Using Graph Rewriting to Specify Software Architectural Transformations


 Blaze Chambers
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1 Using Graph Rewriting to pecify oftware Architectural ransformations Hoda Fahmy Richard C. Holt Dep t. of Computer cience Dep t. of Computer cience University of oronto University of Waterloo Abstract In order to understand, analyze and possibly modify software, we commonly examine and manipulate its architecture. For example, we may want to examine the architecture at different levels of abstraction or repair the architecture if it has deviated from our mental model of the software. We can view such manipulations as architectural transformations, and more specifically, as graph transformations. In this paper, we use graph rewriting to specify these transformations so that we can work towards automating them. pecifically, we use the PROGRE tool to formulate executable graphrewriting specifications for various architectural transformations in order to demonstrate the strengths of using graph rewriting. We have applied our executable specifications to small graphs and our results confirm the following: Graph rewriting offers a highlevel, visual notation that can be used to neatly specify graph modifications as well as support prototype implementation. It also provides a convenient and intuitive framework for exploring various architectural transformations. Keywords: software architecture, graph rewriting, software maintenance, program understanding 1. Introduction In reengineering a software system, one of the first steps is to extract from the code the depencies amongst the lowlevel software components. Just as important, we need to determine the system hierarchy: how are the modules grouped into subsystems and how are the subsystems grouped into higher level subsystems? It is our position that the component interactions, together with the system hierarchy, define the software s structure or architecture. Upon obtaining the system structure via some extraction tool such as Acacia[5], Rigi[10], or PB[13], we can use a directed typed graph G to represent it (Figure 1). Each node in the graph represents a component in the system, while each edge represents a relation between components. We can have different types of nodes such as module nodes and subsystem nodes; we can have different types of relations such as contain and use. he contain relation defines the system hierarchy, whereas the use relation defines various types of depencies. e c W a b d Figure 1. Graphical representation of a software architecture. Nodes representing subsystems have thick lines; nodes representing modules have thin lines. In this example, contains subsystems and V; contains module e and subsystem W; subsystem W contains modules c and d; and subsystem V contains modules a and b; module a uses b, c and d; c uses b; and d uses e. We often need to manipulate the information provided by the extraction tools in order to understand, analyze and possibly modify the software. In doing so, we are in fact performing transformations on the graph G. he transformations, which are commonly applied to the graph models of the software architectures, can be classified into three classes [6]: V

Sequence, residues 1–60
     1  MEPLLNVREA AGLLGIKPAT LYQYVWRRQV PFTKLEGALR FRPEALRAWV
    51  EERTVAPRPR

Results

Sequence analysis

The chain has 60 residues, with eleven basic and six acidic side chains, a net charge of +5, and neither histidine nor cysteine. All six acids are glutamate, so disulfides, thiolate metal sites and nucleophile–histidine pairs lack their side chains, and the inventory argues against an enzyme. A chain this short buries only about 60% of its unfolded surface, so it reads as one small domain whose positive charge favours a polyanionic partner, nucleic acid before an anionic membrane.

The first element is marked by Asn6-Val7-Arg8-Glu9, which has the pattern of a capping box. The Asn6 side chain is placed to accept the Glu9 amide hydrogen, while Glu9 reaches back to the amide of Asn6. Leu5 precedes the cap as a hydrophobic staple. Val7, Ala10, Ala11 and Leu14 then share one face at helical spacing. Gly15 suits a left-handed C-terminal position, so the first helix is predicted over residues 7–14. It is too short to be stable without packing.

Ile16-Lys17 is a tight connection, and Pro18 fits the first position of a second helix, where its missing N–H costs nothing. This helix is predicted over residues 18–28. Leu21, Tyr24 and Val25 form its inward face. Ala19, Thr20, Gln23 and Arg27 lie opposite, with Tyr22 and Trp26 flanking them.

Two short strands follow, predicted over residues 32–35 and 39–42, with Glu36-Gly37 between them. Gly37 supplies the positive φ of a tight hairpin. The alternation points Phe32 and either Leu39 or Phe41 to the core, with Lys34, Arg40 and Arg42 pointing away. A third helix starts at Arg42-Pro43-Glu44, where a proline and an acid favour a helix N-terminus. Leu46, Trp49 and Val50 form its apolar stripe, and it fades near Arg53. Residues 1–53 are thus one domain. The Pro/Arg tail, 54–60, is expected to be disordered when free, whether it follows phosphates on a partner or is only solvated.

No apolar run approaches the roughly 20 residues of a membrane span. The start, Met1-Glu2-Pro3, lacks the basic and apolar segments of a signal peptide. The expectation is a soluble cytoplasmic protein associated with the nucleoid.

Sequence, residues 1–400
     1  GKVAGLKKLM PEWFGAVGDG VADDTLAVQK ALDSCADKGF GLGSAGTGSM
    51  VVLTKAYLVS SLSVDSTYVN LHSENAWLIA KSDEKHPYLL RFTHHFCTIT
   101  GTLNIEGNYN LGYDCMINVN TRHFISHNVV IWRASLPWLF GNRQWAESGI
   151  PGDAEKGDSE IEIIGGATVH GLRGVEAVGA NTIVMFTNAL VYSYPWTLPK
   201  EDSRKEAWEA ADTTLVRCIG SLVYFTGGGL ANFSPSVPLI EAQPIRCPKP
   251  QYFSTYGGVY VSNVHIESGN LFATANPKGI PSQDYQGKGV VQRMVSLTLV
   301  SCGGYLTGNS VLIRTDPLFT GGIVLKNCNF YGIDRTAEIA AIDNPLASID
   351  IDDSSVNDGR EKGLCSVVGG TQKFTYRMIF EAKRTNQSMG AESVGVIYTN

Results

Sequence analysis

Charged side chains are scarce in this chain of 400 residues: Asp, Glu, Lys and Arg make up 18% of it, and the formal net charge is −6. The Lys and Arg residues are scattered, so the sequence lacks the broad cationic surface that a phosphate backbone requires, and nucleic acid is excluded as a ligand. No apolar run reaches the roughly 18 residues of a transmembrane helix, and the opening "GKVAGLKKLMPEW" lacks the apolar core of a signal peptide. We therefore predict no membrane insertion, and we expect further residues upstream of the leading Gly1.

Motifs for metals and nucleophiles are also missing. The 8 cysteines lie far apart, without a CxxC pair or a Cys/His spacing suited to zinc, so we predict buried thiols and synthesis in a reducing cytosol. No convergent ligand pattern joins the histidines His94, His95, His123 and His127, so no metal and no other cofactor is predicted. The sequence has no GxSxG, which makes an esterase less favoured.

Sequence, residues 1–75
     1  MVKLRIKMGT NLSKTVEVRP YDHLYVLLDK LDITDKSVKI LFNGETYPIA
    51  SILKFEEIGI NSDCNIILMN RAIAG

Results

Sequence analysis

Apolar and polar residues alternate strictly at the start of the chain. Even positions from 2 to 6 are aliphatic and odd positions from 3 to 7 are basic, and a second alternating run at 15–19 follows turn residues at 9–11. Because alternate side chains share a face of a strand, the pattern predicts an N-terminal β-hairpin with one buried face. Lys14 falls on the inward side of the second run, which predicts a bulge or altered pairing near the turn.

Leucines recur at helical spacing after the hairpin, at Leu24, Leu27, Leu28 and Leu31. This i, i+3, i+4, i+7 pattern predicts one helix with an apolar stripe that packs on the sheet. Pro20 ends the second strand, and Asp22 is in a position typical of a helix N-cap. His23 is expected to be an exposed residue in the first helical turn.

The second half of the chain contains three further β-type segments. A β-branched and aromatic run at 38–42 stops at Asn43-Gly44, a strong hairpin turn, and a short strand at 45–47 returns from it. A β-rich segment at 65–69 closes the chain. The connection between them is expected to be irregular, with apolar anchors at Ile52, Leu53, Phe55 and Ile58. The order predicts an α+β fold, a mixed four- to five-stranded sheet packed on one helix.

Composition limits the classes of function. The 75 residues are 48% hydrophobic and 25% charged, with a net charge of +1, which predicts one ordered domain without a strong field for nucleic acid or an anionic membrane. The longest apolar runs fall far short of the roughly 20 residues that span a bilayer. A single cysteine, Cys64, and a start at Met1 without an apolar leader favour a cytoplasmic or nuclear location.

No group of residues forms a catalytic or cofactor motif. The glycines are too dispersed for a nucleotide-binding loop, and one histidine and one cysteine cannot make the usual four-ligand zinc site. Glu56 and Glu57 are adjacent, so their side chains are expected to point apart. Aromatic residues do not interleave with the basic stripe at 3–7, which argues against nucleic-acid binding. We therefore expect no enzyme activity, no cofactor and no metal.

2 (1) ransformations for understanding. We use these transformations when we wish to explore and understand the software structure. For example, we may want to create different views of the structure. (2) ransformations for analysis. We use these transformations to discover various kinds of information about the software system. For example, we may want to know what modules interact in a cyclic pattern. his kind of information is commonly used to determine how we will go about modifying the system. (3) ransformations for modification. We use these transformations to change the system structure. For example, we may want to transform the architecture to meet new requirements [4], or we may want to repair the structure if, from our analysis, we find unexpected interactions between subsystems. able 1 lists the transformations which commonly occur during reengineering; they can all be described in terms of graph transformations [6]. ince it would be desirable to automate these transformations, we need to capture these transformations in a mechanical way. Feijs uses a relational approach to model some of these transformations [7], and similarly, Holt uses arski s algebra [8]. In this paper, we use a graphrewriting formalism to specify these graph transformations since graph rewriting is useful in computations where a graph data structure needs to be modified. Its main advantage over the other approaches is that it offers a highlevel, graphical and expressive notation. Each architectural transformation can be specified using a graphrewrite rule or a set of graphrewrite rules. he application of a graphrewrite rule to a host graph G (1) identifies a pattern in G, and then (2) transforms G based on that pattern. We demonstrate the usefulness of graph rewriting using PROGRE, a visual language based on graph rewriting, to formulate executable specifications for these architectural transformations. ection 2 provides an introduction to graph rewriting and PROGRE; ection 3 describes a scenario to which we apply graph rewriting; ection 4 describes the prototype tool developed; ection 5 gives some conclusions. 2. Graph Rewriting & PROGRE Graph rewriting is a promising formalism in which the transformation of graph structures can be modeled and studied [2]. Graph rewriting, or more accurately, graph grammars, were proposed in [12] as an extension to string grammars to manipulate multidimensional patterns. Before getting into the details of graph rewriting, we provide an informal description of the way graph rewriting works. able 1. Architectural ransformations Commonly Occurring during Reengineering Class ype Description Architecture Understanding Architecture Analysis Architecture Modification Lifting Hide Interior/ Exterior Diagnostic ifting Forward Repair Reverse Repair Lift lowlevel use edges up the system hierarchy in order to study the structure at different levels of abstraction [7,8,11] Eliminate information to make the structure more understandable by zooming in and out to concentrate on views of interest [8] Given highlevel unexpected edges, lower them down the system hierarchy to identify lowlevel unexpected edges [7,11,15] Mark components that play some role in the desired change of the software structure [6] Alter the extracted architecture (or concrete architecture) to be more consistent with the mental model of the software (i.e, conceptual architecture) [15] Alter the conceptual architecture to be more consistent with the concrete architecture [15] Each graphrewrite rule minimally consists of LH RH, where LH (Left Hand ide) and RH (right hand side) are graphs. uccessful application of the rule to a graph G performs a local update on G by replacing a subgraph that matches LH by a copy of RH. Refer to Figure 2. If several subgraphs matching LH are found, one subgraph is chosen randomly. Due to the multidimensionality of graphs, there are many ways of attaching the copy of RH to the host graph; thus each graphrewrite rule needs to specify an embedding. he embedding refers to the way in which a copy of RH is to be attached to the host graph. Figures 2c and 2d show two possible embeddings when rule 2a is applied to graph shown in 2b. If the embedding associated with the rule